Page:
Abstract

Electron probe microanalysis essentially involves a miniaturisation of the classical procedure of X-ray spectrometry, based upon the discovery by Moseley [1] that each element in the periodic table is characterised by a relatively simple X-ray spectrum. The basic experimental arrangement is outlined in Fig. 1. An electron beam (E) of moderate energy (5–40 kV) is directed on to the sample (S) to be investigated, in vacuo, and the X-rays (X) emitted from it (in all directions) are dispersively analysis by means of a Bragg spectrometer (C). The latter employs a crystal of known atomic lattice spacing to diffract X-rays of differing wavelengths into different angles, in direct analogy to the formation of a spectrum from visible light by a glass prism. The wavelength λ diffracted at a given angle θ (the glancing angle, measured from the crystal surface) is related to the lattice spacing d by the simple equation:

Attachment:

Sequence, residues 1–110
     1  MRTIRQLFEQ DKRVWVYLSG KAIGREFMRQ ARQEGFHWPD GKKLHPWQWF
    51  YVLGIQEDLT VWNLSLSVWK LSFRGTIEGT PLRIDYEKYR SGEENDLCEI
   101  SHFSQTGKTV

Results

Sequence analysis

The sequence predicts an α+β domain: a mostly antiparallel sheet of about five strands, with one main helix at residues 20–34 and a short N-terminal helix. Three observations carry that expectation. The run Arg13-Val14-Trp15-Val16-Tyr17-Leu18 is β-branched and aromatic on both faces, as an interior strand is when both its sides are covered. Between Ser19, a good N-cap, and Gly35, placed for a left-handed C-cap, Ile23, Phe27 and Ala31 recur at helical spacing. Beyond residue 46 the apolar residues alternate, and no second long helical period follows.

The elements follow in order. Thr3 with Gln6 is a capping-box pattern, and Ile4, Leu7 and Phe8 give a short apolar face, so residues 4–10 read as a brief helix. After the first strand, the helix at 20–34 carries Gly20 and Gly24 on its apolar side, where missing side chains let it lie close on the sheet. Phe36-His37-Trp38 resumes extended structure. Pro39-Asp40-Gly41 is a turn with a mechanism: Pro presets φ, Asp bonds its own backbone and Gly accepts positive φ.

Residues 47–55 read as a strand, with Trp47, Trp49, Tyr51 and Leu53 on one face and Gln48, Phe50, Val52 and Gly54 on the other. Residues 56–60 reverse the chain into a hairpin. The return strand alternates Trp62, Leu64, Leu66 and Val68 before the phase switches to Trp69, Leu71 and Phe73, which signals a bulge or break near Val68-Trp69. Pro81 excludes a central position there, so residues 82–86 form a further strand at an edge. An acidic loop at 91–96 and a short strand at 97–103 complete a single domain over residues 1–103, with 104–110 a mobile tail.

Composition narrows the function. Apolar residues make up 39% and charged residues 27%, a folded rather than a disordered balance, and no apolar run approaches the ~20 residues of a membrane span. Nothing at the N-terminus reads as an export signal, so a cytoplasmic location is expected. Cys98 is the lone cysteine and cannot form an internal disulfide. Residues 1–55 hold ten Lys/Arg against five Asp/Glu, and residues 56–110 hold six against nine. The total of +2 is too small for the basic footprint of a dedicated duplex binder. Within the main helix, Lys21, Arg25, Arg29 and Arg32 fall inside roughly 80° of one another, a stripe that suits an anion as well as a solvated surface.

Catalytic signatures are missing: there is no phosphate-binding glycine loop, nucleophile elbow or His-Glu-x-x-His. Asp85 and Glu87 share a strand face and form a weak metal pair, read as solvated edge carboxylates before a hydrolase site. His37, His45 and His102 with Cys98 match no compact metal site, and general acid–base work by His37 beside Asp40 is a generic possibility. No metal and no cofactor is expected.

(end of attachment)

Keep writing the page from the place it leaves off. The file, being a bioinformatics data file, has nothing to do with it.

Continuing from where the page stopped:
Keywords

Boron Tungsten Electron Lens 

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Copyright information

© Springer-Verlag Berlin Heidelberg 1969

Authors and Affiliations

  • V. E. Cosslett
    • 1
  1. 1.Cavendish LaboratoryUniversity of CambridgeEngland

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